Dr. Theresa Notare
Secretariat for Laity, Marriage, Family Life and Youth

Happiness in life requires courage and work. Happiness comes at a price. Want to play the guitar like a rock star? You will have to take music lessons and practice for hours daily. Want to have a strong, lean body? You will have to eat healthy food and exercise regularly. The list is endless. Hard work and sacrifice are a prerequisite to true, mature happiness.

As people of faith, we know that happiness arises from living a life that is in harmony with God’s will and leads us to fulfill our purpose. Chapter Ten of the catechism for the World Meeting of Families highlights this when it says that: “God made us for a reason… to love as He does” (no. 189). When we “understand that love is our mission,” this truth will “shape many other areas of life” (Ibid.). This can be clearly seen in marriage and family which, when founded on Christ, is a school of love.[1]

The vows in a Catholic marriage speak of the self-gift that the husband and wife make to each other in Christ. This requires “dying to self” as the two put aside “I” to become “we.” Married love, including its sexual expression, is holy. When lived in accord with God’s plan, conjugal love should “reverence God’s vision of human sexuality.”[2] This requires that the couple trust in God’s plan for their marriage, including whether and/or when they are able to have children. It may also ask for courage since Catholic couples will have to reject contraception which does harm to God’s design.

Many married Catholics do not realize the deep happiness that they can have in their marriages when God is at the center of everything. They can express God’s love for one another while they also honor His design, including their sexual lives. Sexual intercourse, as willed by God, is a holy time for husband and wife. It fortifies their union and is the worthy place for receiving new life. Honoring God’s will does not mean that couples can’t regulate the number of children in their families. When they need to postpone or avoid pregnancy, they may continue to honor God’s design by practicing one of the methods of Natural Family Planning (NFP).

NFP methods respect God’s gift of fertility by learning about it in a thoughtful way.  No drugs or devices are introduced into the conjugal act; rather, the bodies of both man and woman are fully respected in their life-giving potential, and “listened” to. If a couple needs to avoid a pregnancy they refrain from sex when they are fertile. When they realize that God may be calling them to have a child, because of their knowledge of NFP they would also know the best time to attempt a pregnancy. This, of course, takes study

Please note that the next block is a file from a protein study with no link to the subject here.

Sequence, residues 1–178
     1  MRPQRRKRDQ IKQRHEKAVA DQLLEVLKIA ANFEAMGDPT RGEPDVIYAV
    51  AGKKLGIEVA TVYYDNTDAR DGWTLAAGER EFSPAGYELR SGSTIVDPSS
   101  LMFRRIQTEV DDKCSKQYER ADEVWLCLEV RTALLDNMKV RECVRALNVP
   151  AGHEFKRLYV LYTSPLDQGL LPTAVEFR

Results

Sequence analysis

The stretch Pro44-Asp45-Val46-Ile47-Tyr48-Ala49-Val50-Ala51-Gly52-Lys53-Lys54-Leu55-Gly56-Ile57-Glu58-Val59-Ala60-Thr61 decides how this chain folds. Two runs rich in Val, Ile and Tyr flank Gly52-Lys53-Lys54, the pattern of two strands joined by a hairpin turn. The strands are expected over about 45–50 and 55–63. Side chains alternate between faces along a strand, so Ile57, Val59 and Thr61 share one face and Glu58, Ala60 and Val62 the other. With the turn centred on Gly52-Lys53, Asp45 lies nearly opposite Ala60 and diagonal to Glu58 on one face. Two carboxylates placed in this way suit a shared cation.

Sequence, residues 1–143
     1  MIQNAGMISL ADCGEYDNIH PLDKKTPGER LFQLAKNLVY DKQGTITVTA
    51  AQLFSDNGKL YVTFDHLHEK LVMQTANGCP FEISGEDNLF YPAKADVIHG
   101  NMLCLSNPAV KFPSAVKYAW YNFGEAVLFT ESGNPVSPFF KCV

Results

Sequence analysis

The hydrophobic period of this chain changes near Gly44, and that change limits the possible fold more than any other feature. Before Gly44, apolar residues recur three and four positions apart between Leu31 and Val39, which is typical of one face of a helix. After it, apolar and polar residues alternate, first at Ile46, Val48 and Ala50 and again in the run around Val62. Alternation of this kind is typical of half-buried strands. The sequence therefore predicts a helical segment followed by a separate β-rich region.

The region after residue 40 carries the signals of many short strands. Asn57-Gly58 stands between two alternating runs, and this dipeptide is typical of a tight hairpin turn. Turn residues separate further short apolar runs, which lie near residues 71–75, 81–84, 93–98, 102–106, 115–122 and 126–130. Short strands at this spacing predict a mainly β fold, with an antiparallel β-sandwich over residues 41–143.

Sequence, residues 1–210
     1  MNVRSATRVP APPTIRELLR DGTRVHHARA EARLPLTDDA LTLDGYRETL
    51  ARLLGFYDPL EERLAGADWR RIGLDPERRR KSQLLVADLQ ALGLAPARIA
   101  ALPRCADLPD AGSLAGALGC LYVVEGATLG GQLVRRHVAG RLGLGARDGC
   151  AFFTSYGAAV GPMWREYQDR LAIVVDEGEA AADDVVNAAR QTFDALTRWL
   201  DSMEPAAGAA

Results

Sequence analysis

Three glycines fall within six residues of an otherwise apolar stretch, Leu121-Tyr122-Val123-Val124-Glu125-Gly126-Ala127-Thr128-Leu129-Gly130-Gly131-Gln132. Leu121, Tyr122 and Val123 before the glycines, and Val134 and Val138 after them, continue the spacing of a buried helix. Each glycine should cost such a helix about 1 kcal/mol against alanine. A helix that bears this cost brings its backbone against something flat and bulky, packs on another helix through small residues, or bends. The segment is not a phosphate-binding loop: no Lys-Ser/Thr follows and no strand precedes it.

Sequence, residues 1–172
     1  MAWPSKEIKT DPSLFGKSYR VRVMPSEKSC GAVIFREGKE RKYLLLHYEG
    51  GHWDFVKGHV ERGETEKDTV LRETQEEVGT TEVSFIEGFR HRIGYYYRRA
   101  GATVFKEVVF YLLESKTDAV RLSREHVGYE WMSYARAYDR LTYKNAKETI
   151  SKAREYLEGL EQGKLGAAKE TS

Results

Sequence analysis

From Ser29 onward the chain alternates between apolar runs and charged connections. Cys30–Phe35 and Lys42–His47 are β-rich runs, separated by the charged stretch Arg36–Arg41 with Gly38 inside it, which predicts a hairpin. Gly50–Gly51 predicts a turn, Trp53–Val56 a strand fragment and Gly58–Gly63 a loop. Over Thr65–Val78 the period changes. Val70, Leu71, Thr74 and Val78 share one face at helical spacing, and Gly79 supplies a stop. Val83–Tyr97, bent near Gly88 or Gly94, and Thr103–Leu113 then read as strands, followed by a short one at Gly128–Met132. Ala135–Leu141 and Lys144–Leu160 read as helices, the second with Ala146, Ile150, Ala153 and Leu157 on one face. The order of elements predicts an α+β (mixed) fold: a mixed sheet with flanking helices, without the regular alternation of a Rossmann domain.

and practice (most NFP methods require charting the signs of fertility). All NFP methods also require self-discipline since periodic sexual abstinence is the NFP means to avoid pregnancy. This can be very difficult, but it is doable with the help of grace and the habit of self-discipline which is common to all virtues.

When couples persevere in learning and using NFP, they reap many benefits. All NFP methods are effective for both attempting to achieve or avoid pregnancy. They are also good for the body since no devices or drugs are used. In fact, NFP methods are the “organic” way to live with human fertility—they do not pollute the environment. Most importantly, NFP methods teach married couples to understand their bodies and to communicate with each other about their fertility and their relationship. These conversations can foster deeper couple communication that can improve their relationships. NFP research confirms this benefit showing that NFP couples feel respected by their spouses.[3] NFP helps married couples commit to real happiness—the deep happiness of living life according to God’s plan!

[1] See the Catechism of the Catholic Church, no. 1657.
[2] Committee for Pro-Life Activities, United States Conference of Catholic Bishops, “Human Sexuality from God’s Perspective, Humanae vitae 25 Years Later,” (1993); available at: http://www.usccb.org/issues-and-action/marriage-and-family/natural-family-planning/catholic-teaching/upload/Human-Sexuality-from-God-s-Perspective-Humanae-Vitae-25-Years-Later.pdf.
[3] L. VandeVusse, L. Hanson, R. J. Fehring, A. Newman, J. Fox, “Couples’ views of the effects of natural family planning on marital dynamics,” Journal of Nursing Scholarship 35, no. 2 (2003):171-176.

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Chapter 9- Mother, Teacher, Family: The Nature and Role of the Church

Posted Jul. 22, 2015 by DOM 1 comment

World Meeting of Families Catechesis Series

The USCCB is excited about the World Meeting of Families (WMOF) being held in Philadelphia in September 2015.  We are presenting a series of short articles focused on the WMOF Catechesis Love is our Mission: The Family Fully Alive and its implications for our daily lives. We will follow the timing suggested by the Archdiocese of Philadelphia by exploring one theme each month leading up to the World Meeting.

Chapter Nine: Mother, Teacher, Family: The Nature and Role of the Church
Dr. Andrew Lichtenwalner
Secretariat of Laity, Marriage, Family Life and Youth

What’s in an Image?